Sometimes things happen that are a concern to your neighbors or the landlord. Perhaps you had some friends come over and you played the music really loud when it was late at night. Maybe your dog got out through the patio door and chased another dog that was on its owner’s leash. Maybe you neglected to report a leak under your bathroom faucet and the ceiling in the unit below you fell in. Whatever the issue is, it will need to be addressed in a way that lets the landlord know it won’t happen again. If you have a problem, it’s a good idea to discuss it with your Community Living Coordinator (CLC) and case manager. They can help you find a solution that can help ease the concerns of the landlord and keep the problem from happening again.
Sometimes things may happen that are a violation of your lease and your continued tenancy may be at risk. Lease violations may result in a “notice to vacate” and eventual eviction. Some examples of lease violations include failure to pay rent, failure to maintain utilities, smoking at a non-smoking property, criminal behavior by you or your guests, having an unauthorized household member stay with you for more that the allowed visit limit, not maintaining control of your pet and having it harm or threaten someone else, and engaging in threatening behavior to community staff or neighbors. If you receive a notice to vacate, it is important to contact your CLC (Community Living Coordinator) and case manager immediately so they can help you fix the situation. For example, if you had your electric turned off because you didn’t pay the bill, you can fix the problem by paying all of the money owed to the electric company and having your electric turned on again. If you failed to pay rent, you can fix it by paying all rent owed and paying subsequent rent on time. You may want to have additional services that will help you with the problem, even if they are time limited. For example, you may want to receive additional support for paying bills on time if you had trouble paying your utilities or your rent.
Housing Back-up Plan
Some lease violations are more difficult to overcome. You may not be willing to get rid of your dog that threatened someone. Your guest may have engaged in a criminal behavior that was of such deep concern that the landlord is not comfortable with you continuing to live in the community. Whether these or other situations ever happen to you, it is always a good idea to create a “housing back-up plan.” What will you do if you cannot continue to live in your home? Have you applied for other rent subsidy programs? Do you have family or friends who can help you with living expenses somewhere else?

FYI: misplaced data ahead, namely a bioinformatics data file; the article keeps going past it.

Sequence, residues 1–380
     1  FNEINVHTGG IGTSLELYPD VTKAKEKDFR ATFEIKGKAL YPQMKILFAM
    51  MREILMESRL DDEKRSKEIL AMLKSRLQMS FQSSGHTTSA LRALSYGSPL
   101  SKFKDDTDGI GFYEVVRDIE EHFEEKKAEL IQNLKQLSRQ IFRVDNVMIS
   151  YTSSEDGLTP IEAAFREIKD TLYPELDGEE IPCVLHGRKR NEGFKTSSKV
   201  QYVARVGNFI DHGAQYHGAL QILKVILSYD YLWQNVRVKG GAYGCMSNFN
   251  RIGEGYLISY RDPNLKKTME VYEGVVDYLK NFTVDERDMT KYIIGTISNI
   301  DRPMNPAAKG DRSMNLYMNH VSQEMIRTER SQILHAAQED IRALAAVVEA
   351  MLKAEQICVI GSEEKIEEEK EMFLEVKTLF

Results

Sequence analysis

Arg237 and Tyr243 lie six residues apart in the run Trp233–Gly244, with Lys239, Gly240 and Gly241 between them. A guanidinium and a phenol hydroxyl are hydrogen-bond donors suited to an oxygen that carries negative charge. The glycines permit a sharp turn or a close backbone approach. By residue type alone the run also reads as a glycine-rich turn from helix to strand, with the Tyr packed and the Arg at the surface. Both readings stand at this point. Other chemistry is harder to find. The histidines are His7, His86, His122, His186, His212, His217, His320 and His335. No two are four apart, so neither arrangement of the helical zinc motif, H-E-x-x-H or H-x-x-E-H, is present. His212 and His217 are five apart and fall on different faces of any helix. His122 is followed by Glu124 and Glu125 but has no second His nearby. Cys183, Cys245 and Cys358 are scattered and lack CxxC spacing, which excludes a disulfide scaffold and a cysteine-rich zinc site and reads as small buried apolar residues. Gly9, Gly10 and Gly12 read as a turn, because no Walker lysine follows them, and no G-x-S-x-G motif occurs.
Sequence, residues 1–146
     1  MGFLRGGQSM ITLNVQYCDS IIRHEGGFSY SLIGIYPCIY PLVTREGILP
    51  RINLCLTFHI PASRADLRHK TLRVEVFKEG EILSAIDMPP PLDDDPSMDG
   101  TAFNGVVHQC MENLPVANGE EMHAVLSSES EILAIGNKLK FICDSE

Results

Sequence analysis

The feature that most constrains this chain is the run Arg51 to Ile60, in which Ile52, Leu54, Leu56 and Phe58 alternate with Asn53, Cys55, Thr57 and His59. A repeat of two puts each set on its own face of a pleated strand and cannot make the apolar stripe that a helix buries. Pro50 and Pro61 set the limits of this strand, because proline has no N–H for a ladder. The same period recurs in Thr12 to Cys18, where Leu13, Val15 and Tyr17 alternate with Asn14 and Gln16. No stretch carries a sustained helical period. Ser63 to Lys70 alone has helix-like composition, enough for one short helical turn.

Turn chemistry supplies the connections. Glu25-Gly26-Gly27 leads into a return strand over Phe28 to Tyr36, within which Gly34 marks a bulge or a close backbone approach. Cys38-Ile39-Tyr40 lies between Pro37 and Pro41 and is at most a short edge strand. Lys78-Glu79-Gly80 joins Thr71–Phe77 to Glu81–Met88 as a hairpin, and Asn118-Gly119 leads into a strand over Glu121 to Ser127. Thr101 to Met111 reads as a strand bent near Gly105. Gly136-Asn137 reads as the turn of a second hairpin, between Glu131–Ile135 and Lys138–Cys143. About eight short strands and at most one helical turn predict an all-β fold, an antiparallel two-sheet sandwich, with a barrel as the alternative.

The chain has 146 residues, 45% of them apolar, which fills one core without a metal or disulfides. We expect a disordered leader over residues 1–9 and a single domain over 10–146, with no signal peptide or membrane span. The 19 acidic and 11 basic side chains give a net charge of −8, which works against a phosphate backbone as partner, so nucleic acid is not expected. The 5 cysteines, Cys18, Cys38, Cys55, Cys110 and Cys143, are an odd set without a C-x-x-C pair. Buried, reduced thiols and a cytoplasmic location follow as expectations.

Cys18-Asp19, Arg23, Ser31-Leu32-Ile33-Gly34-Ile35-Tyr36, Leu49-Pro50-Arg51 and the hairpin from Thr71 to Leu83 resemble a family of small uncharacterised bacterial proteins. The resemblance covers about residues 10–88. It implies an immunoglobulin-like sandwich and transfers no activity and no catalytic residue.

What to do if you have received a Notice to Vacate – Contact your CLC (Community Living Coordinator) and case manager immediately and tell them everything you know about the situation. Usually, the notice will provide you an opportunity to have a conference with the landlord or property manager. It’s a good idea to take advantage of the opportunity to explain the situation to them and also let them know you will resolve the situation so it won’t happen again. If you plan to receive additional support services, let the landlord know. If you have a repayment plan with the utility company, show evidence of this to the landlord. The conference is your opportunity to let the landlord know you take the situation seriously and are working to keep it from happening again.
If you cannot fix the lease violation or if it was so serious that it resulted in immediate eviction, you will need legal help.
Eviction process – In Maryland there are several steps in the eviction process:
- The landlord gives the tenant notice of the lease violation. Note that there are different required time frames for different types of lease violations. The landlord does not need to give notice if the tenant has failed to pay the rent or engaged in dangerous behavior.
- If the issue is not fixed, to proceed with the eviction the landlord must file a complaint in the appropriate court and the tenant must be served by the sheriff or constable.
- Court Hearing and Judgement – The reason for the eviction determines when the eviction hearing will be held. If the judicial officer rules in favor of the landlord, the eviction will move forward.
- A Writ of Restitution is issued by the court and the tenant has between 19 and 60 days to remove their belongings before the sheriff removes them. The time frame depends on the type of eviction and availability of the sheriff.
This website has more information about the Maryland eviction process:
Maryland Eviction Process : Laws, Timeline, & FAQs (ipropertymanagement.com)